Halloween may be behind us but scary things still lurk.
Autumn is a joyful season in so many ways. Beautiful weather, changing leaves, the smell of a burning fireplace, pumpkin everything…
But for our pets, there are many hidden dangers. Things that can make your pet sick and sometimes kill them. You may not have thought of these things as dangerous. Awareness is the first step in keeping your pets safe.
- Costume remnants
Plastic light sabers, swords and masks can become chew toys for your dogs. Small pieces of plastic can be a choking hazard or cause a blockage.
The Halloween makeup that turns you into a zombie can be toxic to your pets if swallowed.
Glow necklaces and bracelets which may keep your kids safe in the dark aren’t safe for your pets to eat. The liquid inside can irritate your pet’s gums if swallowed. Drooling, foaming at the mouth, vomiting can all be signs. Luckily, this is not usually fatal.
- Candy… particularly chocolate
If your house is overloaded with candy as mine is, be sure to keep it out of the reach of your pets. All those gummy candies are choking hazards.
And chocolate can be deadly for both dogs and cats… though cats won’t usually be interested in eating it.
Theobromine in chocolate is poisonous. How much of this substance is in the chocolate depends on the chocolate. Dark chocolate has the most.
If your pet eats a sizeable amount, you’ll see the signs within 4 to 24 hours. Besides the usual signs of stomach distress, you may notice restlessness, hyperactivity, rapid breathing, and lack of coordination. Ultimately, this can cause seizures and death.
Fall ushers in the holiday season. And cooler temps and holiday spirit set the tone for candle lighting. Who doesn’t love the aroma of a pumpkin scented candle?
But a lit candle can injure your pets. Never leave one within reach of your cat or dog.
And a curious pet can overturn a burning candle. That’s a disaster!
Don’t let cooler weather lull you. Ticks and fleas are out in full force this time of year.
These little pests aren’t just a nuisance. They carry disease too.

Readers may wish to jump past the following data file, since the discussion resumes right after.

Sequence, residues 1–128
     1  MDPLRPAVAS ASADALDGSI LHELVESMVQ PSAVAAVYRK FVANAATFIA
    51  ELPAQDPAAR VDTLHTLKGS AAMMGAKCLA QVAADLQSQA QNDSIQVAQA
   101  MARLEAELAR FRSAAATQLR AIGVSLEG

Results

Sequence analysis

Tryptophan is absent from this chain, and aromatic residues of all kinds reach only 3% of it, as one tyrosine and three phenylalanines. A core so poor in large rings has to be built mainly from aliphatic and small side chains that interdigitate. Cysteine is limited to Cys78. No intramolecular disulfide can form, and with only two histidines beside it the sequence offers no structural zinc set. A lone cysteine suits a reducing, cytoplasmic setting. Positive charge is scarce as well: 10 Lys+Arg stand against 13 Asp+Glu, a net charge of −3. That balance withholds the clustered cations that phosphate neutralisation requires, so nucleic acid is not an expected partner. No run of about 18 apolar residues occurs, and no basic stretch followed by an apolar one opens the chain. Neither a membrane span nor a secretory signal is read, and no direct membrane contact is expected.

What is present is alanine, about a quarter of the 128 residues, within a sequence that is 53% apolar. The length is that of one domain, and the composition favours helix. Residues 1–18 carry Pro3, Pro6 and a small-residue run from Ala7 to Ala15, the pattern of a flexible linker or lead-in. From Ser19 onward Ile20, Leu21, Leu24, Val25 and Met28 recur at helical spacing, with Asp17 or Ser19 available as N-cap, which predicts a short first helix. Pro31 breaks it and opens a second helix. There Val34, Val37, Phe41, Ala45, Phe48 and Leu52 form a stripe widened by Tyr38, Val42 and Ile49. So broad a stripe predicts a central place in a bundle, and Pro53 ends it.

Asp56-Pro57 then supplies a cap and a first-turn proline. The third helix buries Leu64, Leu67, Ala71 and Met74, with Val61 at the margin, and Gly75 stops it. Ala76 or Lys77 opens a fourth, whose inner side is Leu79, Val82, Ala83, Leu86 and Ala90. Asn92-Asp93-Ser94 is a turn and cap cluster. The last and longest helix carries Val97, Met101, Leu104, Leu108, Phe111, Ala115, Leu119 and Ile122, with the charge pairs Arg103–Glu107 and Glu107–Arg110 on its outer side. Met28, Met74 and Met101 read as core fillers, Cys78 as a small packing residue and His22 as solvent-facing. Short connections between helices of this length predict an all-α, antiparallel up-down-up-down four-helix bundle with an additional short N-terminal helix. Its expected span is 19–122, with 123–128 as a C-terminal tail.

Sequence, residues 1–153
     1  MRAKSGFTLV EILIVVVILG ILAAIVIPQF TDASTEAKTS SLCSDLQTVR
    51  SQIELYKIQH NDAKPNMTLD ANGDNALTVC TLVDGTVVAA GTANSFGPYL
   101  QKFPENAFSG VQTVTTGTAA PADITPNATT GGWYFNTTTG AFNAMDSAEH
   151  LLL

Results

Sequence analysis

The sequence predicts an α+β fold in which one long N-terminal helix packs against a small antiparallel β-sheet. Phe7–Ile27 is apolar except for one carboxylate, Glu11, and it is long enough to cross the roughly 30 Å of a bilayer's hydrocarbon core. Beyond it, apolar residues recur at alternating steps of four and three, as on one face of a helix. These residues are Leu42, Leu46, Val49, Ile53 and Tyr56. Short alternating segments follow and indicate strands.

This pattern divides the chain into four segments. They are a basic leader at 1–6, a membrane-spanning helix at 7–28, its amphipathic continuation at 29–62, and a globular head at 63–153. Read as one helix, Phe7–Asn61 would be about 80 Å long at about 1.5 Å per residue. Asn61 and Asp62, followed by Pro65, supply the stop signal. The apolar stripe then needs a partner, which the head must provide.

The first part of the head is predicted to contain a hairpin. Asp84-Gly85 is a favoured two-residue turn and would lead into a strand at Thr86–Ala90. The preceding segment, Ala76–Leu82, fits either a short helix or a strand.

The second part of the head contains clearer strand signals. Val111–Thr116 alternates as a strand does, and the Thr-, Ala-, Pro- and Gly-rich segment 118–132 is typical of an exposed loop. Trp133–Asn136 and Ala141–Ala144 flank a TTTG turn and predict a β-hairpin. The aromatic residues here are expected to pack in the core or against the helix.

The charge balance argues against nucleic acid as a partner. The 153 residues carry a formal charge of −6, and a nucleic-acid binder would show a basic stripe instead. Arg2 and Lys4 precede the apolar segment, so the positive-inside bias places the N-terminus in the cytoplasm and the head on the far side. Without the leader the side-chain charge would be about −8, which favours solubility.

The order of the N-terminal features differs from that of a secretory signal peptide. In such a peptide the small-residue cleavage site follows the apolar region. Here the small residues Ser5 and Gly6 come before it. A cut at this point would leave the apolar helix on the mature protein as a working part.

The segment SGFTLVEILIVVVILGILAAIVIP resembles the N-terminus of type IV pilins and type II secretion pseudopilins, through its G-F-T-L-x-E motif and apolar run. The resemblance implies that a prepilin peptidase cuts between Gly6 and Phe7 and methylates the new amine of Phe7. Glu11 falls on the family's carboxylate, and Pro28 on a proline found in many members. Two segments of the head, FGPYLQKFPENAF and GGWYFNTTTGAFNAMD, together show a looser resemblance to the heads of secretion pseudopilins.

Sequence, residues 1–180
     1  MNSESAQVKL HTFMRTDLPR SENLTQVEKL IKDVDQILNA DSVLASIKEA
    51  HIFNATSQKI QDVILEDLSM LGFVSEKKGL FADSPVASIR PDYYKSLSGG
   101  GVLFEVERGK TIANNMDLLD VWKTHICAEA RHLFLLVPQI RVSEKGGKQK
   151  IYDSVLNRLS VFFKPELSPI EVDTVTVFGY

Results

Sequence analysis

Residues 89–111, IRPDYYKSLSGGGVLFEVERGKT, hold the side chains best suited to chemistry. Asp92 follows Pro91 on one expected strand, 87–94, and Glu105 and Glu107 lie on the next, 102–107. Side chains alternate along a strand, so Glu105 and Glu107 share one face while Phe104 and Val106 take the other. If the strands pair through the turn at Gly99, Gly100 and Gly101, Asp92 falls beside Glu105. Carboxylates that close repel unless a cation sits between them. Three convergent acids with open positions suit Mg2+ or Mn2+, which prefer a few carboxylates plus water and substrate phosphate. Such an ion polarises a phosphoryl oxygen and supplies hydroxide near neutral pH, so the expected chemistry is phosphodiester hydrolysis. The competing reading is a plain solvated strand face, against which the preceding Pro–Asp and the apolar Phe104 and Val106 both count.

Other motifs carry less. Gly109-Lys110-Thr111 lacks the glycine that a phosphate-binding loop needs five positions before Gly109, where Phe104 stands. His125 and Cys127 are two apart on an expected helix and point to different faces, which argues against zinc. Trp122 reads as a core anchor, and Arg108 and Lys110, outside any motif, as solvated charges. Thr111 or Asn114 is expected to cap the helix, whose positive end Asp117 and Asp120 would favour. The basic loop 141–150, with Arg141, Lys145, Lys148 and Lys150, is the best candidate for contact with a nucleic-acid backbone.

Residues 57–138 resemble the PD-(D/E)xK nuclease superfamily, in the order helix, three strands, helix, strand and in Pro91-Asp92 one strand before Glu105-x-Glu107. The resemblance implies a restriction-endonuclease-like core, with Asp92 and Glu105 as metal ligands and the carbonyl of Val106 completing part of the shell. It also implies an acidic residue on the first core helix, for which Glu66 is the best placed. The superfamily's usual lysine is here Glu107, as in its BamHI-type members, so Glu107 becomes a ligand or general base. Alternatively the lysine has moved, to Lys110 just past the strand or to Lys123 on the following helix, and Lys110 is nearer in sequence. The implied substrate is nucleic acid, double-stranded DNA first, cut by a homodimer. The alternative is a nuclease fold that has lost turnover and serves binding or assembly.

- Raked leaves
In most parts of the country, the leaves are falling from the trees right now.
Maybe you enjoy letting your dog run through the piles after you rake them. It’s not a good idea. Mold and bacteria grow in the leaves. If your dog ingests these pathogens, they can get sick.
And hidden sticks can injure a dog bounding through the piles.
- Acorns and buckeyes (conkers)
The gallotannin in acorns is toxic and can damage the liver and kidneys.
Vomiting, diarrhea, lethargy—common signs of many illnesses—are what you can expect if your dog eats some. Acorns can also cause an intestinal blockage.
Buckeyes—conkers in England—are the seed of the horse chestnut tree. These are different than the chestnuts we eat. This hard brown nut in a prickly casing can be dangerous to a dog. If you have a horse chestnut tree in your yard, be sure to clean up the fallen buckeyes before your pet can get to them.
- Mushrooms and toadstools
Mushrooms love to grow in damp environments. The weather this time of year is optimal. Thankfully, most mushrooms aren’t dangerous. But a few can be deadly.
It’s difficult to identify the dangerous ones so keep your pet away from all mushrooms. If they’re in your yard, get rid of them.
- Shorter days/colder temps
With less sunlight and more unpredictable weather, it can be difficult for your dog to get the exercise they need. It’s difficult for people too.
If you find your walks are shorter or less frequent, be sure your dog isn’t putting on weight. Cut back on food and treats if their waistline is growing along with yours.
Remember too that it may be dark when you are walking in the early morning or evening. It will be harder for cars to see you. Be sure you and your dogs are visible. Reflective collars and leashes are available online and in pet stores.
And if your dog is older or one with a compromised immune system, a warm sweater or coat might be a good idea. This may be wise for smaller dogs as well.
If your dog is arthritic, the colder weather will make long walks more challenging. Keep that in mind if your dog is not eager to walk this time of year.
The less pleasant side of cooler temps is the need for our rodent friends to seek shelter indoors. You may find rats and mice taking up residence in your home.
If you have a problem with vermin, hire a professional to help you get rid of them.
Rodenticides (rat poisoning) is deadly if consumed by your pet. If not placed correctly, your pet could end up eating some when the rodents drop pieces as they’re moving throughout your house. A horrible thought… I know.
A professional exterminator will know the most effective and safe way to get rid of your unwanted guests.
If your pet ingests rat poison, they will bleed internally. You’ll see the signs in bloody feces, bruising, and black tar-like poop. Get to the vet immediately!
If you suspect your pet has swallowed something toxic, the number for the ASPCA Poison Control Center is 888-426-4435. The Pet Poison Helpline is 855-764-7661.
Has one of these autumn dangers injured your pet? I hope not. But if so, share your experience in the comment section at the top. It may save another pets life.